Are you a Spite Spender?

As parents of young children, Grace and I were recently discussing the negotiation tactics between spouses for time away from the family.  This can be something as simple as heading out for a yoga class or having dinner with a friend, but unless you’re on the same page about child care responsibilities, family time, and pursuing your individual passions, trouble can quickly arise.  We see this in the financial realm as well which can manifest itself in what I call spite spending.  Since everything can be related back to an episode of Seinfeld this can easily compare to Jerry attempting to return a jacket for spite:

 

While spite may not be an acceptable return reason, it can influence how couples spend their money.  A few examples I have seen of this destructive behavior in action are:

“He got a new set of golf clubs, so I really should treat myself to that new dress.”

“She spent $400 on shoes!  She can’t say anything to me about this new watch.”

As income rises the stakes can get even higher:

“I was planning to buy a Honda Accord, but she just got a new Infinity SUV and now I’m thinking it’s only fair if I buy a BMW or other luxury car.”

“He went on a weekend away with his friends to Las Vegas.  I really deserve that girls weekend in the Bahamas we have been talking about all these years.”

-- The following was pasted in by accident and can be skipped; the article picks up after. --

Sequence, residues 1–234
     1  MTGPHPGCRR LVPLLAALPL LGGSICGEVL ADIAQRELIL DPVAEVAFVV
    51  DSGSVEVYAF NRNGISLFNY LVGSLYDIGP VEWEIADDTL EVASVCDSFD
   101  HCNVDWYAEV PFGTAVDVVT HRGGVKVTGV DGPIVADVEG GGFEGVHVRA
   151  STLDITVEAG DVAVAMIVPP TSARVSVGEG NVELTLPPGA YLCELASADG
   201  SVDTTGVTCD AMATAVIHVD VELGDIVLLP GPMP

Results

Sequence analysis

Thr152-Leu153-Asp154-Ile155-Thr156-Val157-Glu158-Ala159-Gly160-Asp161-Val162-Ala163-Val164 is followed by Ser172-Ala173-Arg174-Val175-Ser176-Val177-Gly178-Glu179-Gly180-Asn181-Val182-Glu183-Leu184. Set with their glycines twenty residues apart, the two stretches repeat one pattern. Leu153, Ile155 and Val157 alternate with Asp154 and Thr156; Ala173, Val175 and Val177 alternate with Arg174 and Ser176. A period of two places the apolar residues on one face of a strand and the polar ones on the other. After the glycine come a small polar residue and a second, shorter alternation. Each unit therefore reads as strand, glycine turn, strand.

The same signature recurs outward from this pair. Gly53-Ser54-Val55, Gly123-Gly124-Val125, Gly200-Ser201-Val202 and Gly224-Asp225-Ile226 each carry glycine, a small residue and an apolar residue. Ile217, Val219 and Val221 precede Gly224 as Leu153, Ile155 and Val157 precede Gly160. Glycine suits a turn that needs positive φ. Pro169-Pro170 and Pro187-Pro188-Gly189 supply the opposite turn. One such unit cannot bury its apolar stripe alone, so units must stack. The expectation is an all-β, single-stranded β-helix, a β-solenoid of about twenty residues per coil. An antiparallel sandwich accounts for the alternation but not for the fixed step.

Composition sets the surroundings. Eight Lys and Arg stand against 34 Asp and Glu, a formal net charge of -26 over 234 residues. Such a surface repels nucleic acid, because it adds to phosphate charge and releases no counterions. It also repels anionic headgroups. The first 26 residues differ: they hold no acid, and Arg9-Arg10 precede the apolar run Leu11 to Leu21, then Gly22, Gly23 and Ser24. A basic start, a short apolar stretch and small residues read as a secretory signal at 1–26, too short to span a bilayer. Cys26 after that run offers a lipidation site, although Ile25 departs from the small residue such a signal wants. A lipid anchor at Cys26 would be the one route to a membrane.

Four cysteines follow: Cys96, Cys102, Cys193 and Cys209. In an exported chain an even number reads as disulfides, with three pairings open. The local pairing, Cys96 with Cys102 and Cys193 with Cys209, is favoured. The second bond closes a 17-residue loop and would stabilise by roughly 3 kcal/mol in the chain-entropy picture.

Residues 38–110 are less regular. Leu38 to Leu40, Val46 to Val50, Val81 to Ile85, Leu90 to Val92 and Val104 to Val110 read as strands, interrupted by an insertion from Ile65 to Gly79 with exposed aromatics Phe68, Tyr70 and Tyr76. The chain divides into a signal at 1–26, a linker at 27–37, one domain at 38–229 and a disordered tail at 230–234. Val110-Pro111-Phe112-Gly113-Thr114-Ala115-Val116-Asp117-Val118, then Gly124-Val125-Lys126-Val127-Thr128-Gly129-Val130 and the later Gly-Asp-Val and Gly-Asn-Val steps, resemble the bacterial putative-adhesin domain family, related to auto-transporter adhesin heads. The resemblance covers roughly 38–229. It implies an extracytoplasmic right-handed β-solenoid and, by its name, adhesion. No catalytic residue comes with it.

This type of competitive spending behavior between spouses can be damaging not only to your relationship, it’s also hazardous to your wealth.  While you both deserve to engage in activities you enjoy and spend money on things that bring you happiness, it’s important to always consider your mutual goals as a couple and make spending decisions in the context of your long term financial plan.  Spite spending can limit your ability to spend money on things that would truly bring joy and derail the long-term goals you are working toward.

If you find you are having trouble seeing eye to eye on big purchases, sitting down with a fee only financial planner can help you evaluate the big picture, clarify your goals, and create a plan that is mutually beneficial.  For further reading on creating a financially successful marriage you can also check out these posts:

https://www.financialsymmetry.com/tough-topics-discuss-tying-knot/

https://www.financialsymmetry.com/topics-discuss-2/

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